Today I thought I’d share a little bit about my process of location-scouting. I’ve had a few people ask me for recommendations on where to shoot – so instead of just giving solutions, I’m going to try to help those seeking this information find their own successful locations.I think “good” locations aren’t a hard and fast thing. Photographers look for a lot of different things when scouting, depending on many factors.

For the sake of this post, I am referring to photo sessions of people for the purpose of capturing who they are (not a styled shoot of a model who is trying to play a character that they are not.)

Without further ado…Here’s a list of things I look for in locations for portrait sessions.

1. Interesting natural color: I use an extremely shallow depth of field while shooting, which means that most often my locations are blurred out (which makes the focal point stand out even more.) In this shot of Cameron & Mary Lou, I didn’t want the photo to be about anything but them. I saw a line of green and deep red bushes that would (as a result of my blended background style) become a lush backdrop for these two cuties to stand out from.

**Want to know more about my shallow depth of field shooting style? Let me know, and maybe I’ll blog about it. 🙂

***Pro tip: Place your subjects 2 or 3 feet from your desired background in order to make them stand out more. Had Mary Lou & Cameron been right next to the bushes, this shot would be kind of awkward (what kind of lovebirds sit in front of bushes on dates?) As is, the context of this photo is completely them, not their location.


2013-07-18_0072. Story: Understand that your location can inform the viewers impression of the person in your photo. So often I see photos of seniors in locations that (probably) mean nothing to them. If you are going to put someone in a photo with an old truck, know that people will make inferences about that person based on that. In my opinion, don’t put a senior in front of/in a car unless they love cars, or racing, or SOMETHING to do with that. Let me say it in another way… When taking a portrait of my mom, placing her in her garden would make more sense than putting her in front of a wall of graffiti. Location should enhance your reading of the person, not distract from it.

Justin suggested we go out in his fishing boat for some portraits, because he’s an avid boater & fisher. If I would have put, say, a senior girl who loved dance in this boat…it wouldn’t have made sense.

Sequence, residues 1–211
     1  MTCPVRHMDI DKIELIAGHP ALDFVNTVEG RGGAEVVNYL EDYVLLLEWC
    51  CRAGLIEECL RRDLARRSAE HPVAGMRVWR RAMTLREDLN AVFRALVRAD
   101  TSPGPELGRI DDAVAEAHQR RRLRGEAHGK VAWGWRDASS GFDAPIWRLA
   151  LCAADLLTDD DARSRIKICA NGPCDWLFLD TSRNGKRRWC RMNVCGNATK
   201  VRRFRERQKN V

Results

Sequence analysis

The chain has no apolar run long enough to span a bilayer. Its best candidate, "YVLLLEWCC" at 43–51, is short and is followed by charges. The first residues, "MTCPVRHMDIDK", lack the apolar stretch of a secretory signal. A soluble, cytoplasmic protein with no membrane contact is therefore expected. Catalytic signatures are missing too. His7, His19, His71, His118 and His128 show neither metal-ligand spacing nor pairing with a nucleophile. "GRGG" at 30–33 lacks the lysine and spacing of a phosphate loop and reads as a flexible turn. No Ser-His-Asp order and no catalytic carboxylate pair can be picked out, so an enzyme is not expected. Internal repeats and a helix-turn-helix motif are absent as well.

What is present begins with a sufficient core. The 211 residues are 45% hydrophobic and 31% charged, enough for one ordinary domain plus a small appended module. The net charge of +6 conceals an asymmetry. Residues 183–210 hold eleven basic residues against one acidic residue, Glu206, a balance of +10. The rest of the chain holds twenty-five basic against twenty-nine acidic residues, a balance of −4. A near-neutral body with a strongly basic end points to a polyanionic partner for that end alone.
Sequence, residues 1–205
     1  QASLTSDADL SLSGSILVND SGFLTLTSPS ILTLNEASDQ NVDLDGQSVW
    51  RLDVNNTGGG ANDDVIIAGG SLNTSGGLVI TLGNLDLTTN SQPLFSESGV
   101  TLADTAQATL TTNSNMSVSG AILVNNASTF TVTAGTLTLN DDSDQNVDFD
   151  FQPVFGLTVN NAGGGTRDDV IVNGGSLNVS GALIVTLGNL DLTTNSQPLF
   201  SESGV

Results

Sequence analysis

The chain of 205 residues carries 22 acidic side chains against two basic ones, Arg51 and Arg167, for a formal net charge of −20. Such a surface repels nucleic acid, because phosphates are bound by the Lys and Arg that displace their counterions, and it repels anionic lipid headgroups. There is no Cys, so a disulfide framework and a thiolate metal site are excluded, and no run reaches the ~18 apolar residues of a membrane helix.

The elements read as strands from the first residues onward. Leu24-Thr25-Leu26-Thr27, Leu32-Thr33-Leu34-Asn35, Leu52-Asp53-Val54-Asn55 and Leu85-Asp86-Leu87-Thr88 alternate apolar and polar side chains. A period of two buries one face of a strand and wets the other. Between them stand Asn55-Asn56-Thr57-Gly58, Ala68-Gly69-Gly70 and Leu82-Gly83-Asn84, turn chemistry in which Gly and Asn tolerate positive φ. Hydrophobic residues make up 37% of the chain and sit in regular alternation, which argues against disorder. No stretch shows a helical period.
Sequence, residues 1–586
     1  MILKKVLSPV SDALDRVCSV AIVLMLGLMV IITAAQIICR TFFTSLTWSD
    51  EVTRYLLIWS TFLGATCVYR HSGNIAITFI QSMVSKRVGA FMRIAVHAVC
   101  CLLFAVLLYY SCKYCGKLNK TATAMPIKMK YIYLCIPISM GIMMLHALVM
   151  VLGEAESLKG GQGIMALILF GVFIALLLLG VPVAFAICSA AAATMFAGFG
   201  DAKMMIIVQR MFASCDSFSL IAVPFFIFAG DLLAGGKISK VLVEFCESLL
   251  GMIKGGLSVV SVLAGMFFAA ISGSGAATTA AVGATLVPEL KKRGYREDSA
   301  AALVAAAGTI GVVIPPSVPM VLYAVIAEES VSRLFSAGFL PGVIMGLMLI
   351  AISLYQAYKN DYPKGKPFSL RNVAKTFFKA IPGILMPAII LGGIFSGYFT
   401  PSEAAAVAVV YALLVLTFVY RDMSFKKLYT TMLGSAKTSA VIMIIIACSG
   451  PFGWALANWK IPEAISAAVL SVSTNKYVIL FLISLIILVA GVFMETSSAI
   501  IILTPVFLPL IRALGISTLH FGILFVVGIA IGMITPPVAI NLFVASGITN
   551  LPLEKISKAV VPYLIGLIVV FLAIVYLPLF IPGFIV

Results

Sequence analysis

Jared had spent a lot of time and money working on his car, and he was very proud of it! Placing him in it was an obvious choice.
Ashley brought me to this field in particular because this is where she goes to be alone and to think. It has special significance to her, it’s not JUST a pretty place.


3. Light! This is without a doubt the most important factor in where I position people. You can bring me to the coolest location EVER, but if it poorly lit, (assuming we are going for natural lighting) then the photos will most likely be lackluster. Light completely changes everything about a photo (see my selfie tips for evidence of how much better you can look just by putting yourself in good light!)

Backlighting Katie gave this image a mysterious mood.
Laura is sitting next to a window (natural light) which is lighting one half of her face completely, and allow for some more dynamic shadow on the other side.
I wanted to emphasize Katie’s eye color, so placing her in this sliver of light and exposing for that bright spot was the perfect solution.
Backlighting Natalie is what gives her hair that halo-glow, which adds to the fairy-tale-esque feel of the shot.
I probably wouldn’t have chosen this as a location, but I couldn’t ignore the gorgeous light and shadow cast by the low sun through a tree.


Like I said before, location is really a personal preference. I really enjoy shooting my personal work with people who are portraying a character – and in that context, a lot of the shoot does not reflect them as a person. There are a million factors that go in to every choice made during a shoot, but hopefully these three things give you a better idea of what I’m thinking when I’m choosing locations for my senior, engagement, and wedding shoots.